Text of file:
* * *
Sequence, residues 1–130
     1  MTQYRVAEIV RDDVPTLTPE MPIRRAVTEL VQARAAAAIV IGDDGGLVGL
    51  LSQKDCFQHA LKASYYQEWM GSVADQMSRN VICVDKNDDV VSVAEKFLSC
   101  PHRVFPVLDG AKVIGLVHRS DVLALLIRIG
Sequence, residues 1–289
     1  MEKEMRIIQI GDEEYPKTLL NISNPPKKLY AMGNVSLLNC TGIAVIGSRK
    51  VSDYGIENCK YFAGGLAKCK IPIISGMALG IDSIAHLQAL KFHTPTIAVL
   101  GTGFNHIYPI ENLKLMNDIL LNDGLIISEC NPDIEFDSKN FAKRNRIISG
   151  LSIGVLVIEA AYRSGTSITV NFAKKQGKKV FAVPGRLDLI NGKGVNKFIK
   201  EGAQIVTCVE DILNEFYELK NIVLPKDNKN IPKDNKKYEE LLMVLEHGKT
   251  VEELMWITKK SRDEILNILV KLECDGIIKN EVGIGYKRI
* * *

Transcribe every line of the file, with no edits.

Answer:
Sequence, residues 1–130
     1  MTQYRVAEIV RDDVPTLTPE MPIRRAVTEL VQARAAAAIV IGDDGGLVGL
    51  LSQKDCFQHA LKASYYQEWM GSVADQMSRN VICVDKNDDV VSVAEKFLSC
   101  PHRVFPVLDG AKVIGLVHRS DVLALLIRIG
Sequence, residues 1–289
     1  MEKEMRIIQI GDEEYPKTLL NISNPPKKLY AMGNVSLLNC TGIAVIGSRK
    51  VSDYGIENCK YFAGGLAKCK IPIISGMALG IDSIAHLQAL KFHTPTIAVL
   101  GTGFNHIYPI ENLKLMNDIL LNDGLIISEC NPDIEFDSKN FAKRNRIISG
   151  LSIGVLVIEA AYRSGTSITV NFAKKQGKKV FAVPGRLDLI NGKGVNKFIK
   201  EGAQIVTCVE DILNEFYELK NIVLPKDNKN IPKDNKKYEE LLMVLEHGKT
   251  VEELMWITKK SRDEILNILV KLECDGIIKN EVGIGYKRI